JAPAN DAY THREE
Mini horses, neon colors, and a neo-Galliano take over the runway in Tokyo.
NYLON traveler Helen Armide takes a break from traditional tea ceremonies and Hello Kitty mania to report on the third day of Japanese Fashion Week.
This story was published on September 4, 2008.
Day Three started with yet another sweet collection, this time in the form of easy lingerie-inspired dresses and separates from Matohu. Several long, flowing seventies-style dresses stood out, along with a loose, lightweight silk cotton jacket that’s perfect for warm days that turn into cool nights. The models’ choreographed course was inventive yet somewhat haphazard—perfect for a label that makes pretty, wearable clothing with a twist.
And just when it seemed safe to assume that ultra-experimental designs were out for the week, writtenafterwards offered up quite a theatrical installation. Like mintdesigns, writtenafterwards is helmed by a pair of Central Saint Martens graduates, Kentaro Tamai and Yoshikazu Yamagata. Considering that Yamagata was an assistant designer for John Galliano, it was no surprise that the duo conjured up a fantasy land where veiled princesses traveled in striped pantsuits and metallic shorts the only way they should: on side saddle. The clothes did get a bit lost in the spectacle (the miniature horse was a particularly delightful distraction), and it was a bit hard to gauge what there was to actually wear amidst the wonder onstage. But the burst of inspired design proved that I wasn’t totally wrong in coming to Japanese Fashion Week with the expectation of seeing lots of avant-garde clothes.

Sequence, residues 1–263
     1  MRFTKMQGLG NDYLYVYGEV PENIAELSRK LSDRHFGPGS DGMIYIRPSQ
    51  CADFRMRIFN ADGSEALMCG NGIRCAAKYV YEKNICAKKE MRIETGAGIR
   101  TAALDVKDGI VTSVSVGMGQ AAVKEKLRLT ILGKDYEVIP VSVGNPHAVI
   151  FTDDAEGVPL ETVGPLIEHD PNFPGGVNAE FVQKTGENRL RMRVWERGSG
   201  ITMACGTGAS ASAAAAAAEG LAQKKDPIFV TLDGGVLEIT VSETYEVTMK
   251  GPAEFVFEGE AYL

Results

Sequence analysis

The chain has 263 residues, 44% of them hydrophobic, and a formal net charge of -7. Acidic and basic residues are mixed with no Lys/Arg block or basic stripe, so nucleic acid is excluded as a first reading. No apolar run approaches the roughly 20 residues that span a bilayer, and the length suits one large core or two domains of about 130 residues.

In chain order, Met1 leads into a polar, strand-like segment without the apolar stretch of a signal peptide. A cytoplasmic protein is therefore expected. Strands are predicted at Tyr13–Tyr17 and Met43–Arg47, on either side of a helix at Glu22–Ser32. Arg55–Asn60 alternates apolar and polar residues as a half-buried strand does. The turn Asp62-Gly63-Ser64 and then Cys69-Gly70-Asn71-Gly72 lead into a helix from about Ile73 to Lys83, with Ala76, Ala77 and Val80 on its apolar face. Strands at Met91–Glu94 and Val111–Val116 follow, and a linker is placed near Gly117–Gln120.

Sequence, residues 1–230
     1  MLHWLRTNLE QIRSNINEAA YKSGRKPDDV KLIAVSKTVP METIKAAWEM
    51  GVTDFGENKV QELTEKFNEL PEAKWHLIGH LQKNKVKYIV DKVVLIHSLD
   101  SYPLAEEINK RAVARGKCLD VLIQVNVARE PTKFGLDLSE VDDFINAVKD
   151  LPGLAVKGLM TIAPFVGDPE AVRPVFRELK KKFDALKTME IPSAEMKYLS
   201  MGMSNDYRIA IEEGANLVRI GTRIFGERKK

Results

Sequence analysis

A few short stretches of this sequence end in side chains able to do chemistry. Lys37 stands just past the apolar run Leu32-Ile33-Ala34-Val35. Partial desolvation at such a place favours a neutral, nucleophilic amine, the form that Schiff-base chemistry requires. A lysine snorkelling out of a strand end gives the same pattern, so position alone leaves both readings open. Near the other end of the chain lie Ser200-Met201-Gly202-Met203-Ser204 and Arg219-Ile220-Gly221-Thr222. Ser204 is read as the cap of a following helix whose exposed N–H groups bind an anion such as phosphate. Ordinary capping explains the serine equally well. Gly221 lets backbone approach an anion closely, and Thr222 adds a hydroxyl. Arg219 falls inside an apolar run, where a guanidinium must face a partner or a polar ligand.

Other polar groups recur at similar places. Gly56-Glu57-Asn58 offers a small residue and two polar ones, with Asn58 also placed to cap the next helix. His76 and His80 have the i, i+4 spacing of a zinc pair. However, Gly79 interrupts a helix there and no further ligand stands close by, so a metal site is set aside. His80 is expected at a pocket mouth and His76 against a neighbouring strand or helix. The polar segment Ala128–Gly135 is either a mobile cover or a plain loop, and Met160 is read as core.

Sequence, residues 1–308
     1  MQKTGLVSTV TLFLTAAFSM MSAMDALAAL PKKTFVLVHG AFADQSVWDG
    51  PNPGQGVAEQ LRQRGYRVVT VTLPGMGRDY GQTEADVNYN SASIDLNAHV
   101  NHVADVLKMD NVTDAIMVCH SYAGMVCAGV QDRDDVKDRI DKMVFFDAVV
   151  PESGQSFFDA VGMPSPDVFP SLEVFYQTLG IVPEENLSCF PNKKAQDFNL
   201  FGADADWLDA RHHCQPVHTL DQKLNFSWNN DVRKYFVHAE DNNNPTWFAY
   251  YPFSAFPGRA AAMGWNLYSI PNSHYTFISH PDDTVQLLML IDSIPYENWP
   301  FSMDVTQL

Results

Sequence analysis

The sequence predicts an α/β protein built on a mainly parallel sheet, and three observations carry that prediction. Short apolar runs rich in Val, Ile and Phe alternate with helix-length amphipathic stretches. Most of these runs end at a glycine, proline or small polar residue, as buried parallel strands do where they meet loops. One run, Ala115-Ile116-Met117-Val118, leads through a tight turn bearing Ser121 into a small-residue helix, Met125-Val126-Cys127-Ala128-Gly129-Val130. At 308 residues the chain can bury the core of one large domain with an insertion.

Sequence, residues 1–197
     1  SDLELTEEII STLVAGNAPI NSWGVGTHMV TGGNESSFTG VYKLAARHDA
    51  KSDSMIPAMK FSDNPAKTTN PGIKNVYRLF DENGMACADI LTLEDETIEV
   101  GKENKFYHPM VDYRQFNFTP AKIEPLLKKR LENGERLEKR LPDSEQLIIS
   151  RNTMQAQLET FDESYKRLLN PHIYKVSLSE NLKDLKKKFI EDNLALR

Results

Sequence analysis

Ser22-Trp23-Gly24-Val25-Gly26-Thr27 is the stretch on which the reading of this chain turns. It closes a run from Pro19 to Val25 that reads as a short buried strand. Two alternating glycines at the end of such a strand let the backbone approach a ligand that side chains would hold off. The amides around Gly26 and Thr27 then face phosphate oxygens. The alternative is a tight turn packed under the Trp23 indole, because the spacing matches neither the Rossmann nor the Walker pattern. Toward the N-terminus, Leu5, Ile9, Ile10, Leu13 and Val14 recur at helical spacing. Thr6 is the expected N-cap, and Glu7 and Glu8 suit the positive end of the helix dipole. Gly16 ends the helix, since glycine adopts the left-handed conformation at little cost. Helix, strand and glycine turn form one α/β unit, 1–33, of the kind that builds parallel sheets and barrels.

The first neon sighting of the week (apart from the heady night-lights and occasional burst of color on feet or face) was at G.V.G.V. The label experimented with bold colors and sculptural shapes on both short bandage dresses and longer pieces. MUG, the visionary behind the line, participated in the 2007 S/S Designers Invitation Project sponsored by UNIQLO, and is working to craft collections that allow the feminine and masculine to happily coexist. Thanks to these efforts, the body conscious clothes cut sharp curves and corners that cleaved to the body, resulting in an hourglass glamour that balanced austere tailoring and fierce femininity without sacrificing movement.
Wondering where to grab some of this garb should you find yourself in Tokyo? Start at Loveless, as this nod to My Bloody Valentine focuses on domestic labels that define the city's streets. Hysteric Glamour is a wildly popular (and pricey) domestic label that is terrific at bridging cartoonish fantasy and fashion, specializing in body conscious get-ups and graphic tees.
The week may be winding down, but there is still much more to come, including dishing with designers...